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Religious Brain Damage

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The prefrontal cortex of the brain enables people to have and maintain religious beliefs. Not surprisingly, a lesion in the dorsolateral prefrontal cortex (dlPFC), due to something like a traumatic brain injury, a psychological disorder, a drug or alcohol addiction, or simply a particular genetic profile, is associated with religious fundamentalism (or the narrowing of religious beliefs to exclude diversity of thought). Those with brain damage to the prefrontal cortex exhibit a significant decrease in cognitive flexibility and openness to other viewpoints. Cognitive flexibility refers to the brain’s ability to easily switch from thinking about one concept to another, and to think about multiple things simultaneously. Cognitive flexibility allows organisms to update beliefs in light of new evidence. Cognitive flexibility and openness are necessary for flexible and adaptive religious commitment, and such diversity of religious thought is dependent on proper dlPFC functionality. Of course, cognitive flexibility and openness aren’t the only things that make brains susceptible to religious fundamentalism. In fact, an impaired prefrontal cortex may account for only a fifth of the variation we see in religious fundamentalism scores.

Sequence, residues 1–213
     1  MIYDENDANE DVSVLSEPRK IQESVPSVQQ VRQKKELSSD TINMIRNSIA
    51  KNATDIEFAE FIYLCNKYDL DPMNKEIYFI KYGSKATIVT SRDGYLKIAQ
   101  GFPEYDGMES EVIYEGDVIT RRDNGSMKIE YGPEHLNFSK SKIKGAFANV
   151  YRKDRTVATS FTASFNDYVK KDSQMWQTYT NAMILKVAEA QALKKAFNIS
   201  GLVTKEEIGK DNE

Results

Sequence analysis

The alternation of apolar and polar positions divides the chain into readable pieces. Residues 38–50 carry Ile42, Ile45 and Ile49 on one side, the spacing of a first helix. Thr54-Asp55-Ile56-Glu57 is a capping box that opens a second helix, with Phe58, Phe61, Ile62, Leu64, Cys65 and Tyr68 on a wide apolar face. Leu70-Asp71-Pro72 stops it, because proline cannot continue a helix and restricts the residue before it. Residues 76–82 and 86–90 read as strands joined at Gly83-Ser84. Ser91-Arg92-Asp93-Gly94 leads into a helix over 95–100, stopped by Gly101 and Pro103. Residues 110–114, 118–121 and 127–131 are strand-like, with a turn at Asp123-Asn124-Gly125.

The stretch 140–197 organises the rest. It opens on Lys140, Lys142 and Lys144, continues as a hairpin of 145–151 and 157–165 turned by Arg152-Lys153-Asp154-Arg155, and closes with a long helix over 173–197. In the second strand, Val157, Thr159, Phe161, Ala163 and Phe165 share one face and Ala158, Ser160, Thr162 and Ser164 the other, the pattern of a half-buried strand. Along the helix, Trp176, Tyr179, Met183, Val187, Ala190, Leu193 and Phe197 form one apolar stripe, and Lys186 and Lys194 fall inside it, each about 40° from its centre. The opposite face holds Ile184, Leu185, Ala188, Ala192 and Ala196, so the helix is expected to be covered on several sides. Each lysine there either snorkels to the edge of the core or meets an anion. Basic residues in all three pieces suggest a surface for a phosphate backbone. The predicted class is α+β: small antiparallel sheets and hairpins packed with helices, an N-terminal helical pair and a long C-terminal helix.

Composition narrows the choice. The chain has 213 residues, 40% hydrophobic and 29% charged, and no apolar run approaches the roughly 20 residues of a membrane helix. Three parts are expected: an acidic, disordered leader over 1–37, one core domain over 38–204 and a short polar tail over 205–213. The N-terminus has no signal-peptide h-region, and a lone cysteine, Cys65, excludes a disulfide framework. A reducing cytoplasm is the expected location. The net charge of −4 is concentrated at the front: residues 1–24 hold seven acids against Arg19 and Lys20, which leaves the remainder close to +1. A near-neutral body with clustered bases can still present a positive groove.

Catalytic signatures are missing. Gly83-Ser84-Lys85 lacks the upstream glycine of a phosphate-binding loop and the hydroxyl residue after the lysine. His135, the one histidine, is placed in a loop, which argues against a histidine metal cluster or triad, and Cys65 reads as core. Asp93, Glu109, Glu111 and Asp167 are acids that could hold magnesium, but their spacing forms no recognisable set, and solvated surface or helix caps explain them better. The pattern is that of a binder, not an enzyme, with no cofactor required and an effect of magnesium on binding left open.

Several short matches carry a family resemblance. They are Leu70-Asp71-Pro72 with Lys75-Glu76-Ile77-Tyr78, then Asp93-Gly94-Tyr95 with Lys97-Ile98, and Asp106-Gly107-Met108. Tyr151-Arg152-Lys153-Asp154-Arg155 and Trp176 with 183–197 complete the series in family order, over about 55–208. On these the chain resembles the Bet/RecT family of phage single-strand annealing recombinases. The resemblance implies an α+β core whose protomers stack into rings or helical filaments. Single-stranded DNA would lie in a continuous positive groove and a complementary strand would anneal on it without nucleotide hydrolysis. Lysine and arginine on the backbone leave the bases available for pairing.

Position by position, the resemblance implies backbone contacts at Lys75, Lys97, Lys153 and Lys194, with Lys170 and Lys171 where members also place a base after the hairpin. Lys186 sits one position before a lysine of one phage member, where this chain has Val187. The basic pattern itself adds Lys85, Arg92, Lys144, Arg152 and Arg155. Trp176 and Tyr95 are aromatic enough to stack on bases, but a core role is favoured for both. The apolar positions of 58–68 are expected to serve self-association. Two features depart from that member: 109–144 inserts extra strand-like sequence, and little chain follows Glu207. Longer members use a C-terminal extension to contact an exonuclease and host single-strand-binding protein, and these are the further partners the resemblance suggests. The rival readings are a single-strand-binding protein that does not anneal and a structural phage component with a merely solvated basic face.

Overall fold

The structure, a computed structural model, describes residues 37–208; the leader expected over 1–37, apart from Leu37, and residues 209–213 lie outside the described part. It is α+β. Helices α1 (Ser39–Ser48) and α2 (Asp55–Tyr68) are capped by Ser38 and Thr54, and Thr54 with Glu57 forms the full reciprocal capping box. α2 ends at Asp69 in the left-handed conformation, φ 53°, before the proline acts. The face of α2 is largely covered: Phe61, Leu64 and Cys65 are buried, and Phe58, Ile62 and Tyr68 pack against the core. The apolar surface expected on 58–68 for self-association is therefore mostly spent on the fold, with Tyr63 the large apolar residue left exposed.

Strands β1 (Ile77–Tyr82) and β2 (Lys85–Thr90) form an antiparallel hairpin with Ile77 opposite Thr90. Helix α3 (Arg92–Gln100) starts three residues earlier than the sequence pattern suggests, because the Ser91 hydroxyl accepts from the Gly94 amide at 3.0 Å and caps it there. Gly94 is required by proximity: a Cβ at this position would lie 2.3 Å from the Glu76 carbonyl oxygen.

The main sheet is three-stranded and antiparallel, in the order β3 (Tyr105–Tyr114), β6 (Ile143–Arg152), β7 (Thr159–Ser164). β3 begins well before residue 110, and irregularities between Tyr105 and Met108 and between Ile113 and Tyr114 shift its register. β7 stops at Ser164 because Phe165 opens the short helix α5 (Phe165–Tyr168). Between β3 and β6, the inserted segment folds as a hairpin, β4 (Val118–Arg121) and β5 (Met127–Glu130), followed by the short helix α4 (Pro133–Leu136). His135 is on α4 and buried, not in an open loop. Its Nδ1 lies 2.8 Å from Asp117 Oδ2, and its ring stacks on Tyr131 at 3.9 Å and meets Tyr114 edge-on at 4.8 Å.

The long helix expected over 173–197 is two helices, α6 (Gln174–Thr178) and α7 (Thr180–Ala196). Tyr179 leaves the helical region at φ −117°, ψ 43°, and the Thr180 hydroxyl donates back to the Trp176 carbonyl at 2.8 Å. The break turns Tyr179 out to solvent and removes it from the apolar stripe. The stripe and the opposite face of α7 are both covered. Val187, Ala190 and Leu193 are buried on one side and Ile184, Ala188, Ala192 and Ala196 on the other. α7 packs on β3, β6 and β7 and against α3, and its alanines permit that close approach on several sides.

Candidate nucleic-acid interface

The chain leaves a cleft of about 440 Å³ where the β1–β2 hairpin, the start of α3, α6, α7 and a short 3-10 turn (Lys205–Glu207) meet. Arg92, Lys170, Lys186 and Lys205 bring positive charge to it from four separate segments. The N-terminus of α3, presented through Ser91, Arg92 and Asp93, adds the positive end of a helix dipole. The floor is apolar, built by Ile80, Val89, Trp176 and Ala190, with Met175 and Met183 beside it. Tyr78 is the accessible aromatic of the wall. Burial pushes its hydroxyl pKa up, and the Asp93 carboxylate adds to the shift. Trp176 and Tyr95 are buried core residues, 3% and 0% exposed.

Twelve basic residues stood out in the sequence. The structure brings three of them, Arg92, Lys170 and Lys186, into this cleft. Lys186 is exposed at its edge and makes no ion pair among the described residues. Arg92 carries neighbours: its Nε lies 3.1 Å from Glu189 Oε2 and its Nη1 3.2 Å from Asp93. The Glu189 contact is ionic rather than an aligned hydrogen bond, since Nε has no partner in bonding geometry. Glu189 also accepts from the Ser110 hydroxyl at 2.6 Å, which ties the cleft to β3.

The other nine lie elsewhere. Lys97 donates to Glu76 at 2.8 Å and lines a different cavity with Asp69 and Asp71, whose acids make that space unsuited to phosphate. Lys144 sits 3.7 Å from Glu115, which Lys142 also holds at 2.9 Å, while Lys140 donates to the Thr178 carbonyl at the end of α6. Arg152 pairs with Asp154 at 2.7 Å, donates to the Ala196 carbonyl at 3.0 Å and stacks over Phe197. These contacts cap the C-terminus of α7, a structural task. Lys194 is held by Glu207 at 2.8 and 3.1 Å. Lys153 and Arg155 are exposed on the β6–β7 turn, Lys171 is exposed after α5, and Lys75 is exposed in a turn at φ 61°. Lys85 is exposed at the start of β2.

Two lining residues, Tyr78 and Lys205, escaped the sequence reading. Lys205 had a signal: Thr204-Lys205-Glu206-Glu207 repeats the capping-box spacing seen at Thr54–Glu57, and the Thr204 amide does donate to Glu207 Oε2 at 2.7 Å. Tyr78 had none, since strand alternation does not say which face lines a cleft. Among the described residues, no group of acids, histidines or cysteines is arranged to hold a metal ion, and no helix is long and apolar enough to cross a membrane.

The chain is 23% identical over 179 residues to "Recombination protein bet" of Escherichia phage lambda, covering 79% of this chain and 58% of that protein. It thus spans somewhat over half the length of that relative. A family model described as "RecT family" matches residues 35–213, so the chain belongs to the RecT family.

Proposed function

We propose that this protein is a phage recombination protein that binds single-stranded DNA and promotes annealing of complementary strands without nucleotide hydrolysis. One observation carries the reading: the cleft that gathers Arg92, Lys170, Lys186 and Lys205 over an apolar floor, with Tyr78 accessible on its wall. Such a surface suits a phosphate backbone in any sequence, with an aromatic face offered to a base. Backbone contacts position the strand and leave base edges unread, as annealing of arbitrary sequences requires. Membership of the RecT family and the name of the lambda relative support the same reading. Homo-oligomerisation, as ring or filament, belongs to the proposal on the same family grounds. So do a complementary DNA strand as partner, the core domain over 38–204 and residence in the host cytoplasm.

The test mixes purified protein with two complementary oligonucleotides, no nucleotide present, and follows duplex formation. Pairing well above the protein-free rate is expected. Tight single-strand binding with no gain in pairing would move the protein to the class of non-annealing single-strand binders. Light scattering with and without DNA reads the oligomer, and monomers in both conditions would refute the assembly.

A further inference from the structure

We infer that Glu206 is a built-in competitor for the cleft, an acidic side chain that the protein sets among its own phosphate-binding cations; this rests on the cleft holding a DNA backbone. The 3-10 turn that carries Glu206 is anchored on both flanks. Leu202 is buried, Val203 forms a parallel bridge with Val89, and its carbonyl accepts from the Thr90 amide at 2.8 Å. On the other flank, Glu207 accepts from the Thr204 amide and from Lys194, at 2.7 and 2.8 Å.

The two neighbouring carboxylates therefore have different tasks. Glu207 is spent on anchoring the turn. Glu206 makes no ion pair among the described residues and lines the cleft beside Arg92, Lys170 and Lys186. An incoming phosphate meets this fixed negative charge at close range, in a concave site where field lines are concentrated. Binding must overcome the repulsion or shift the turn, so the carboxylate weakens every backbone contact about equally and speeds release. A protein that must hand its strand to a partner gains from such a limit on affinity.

Psychology of Religion

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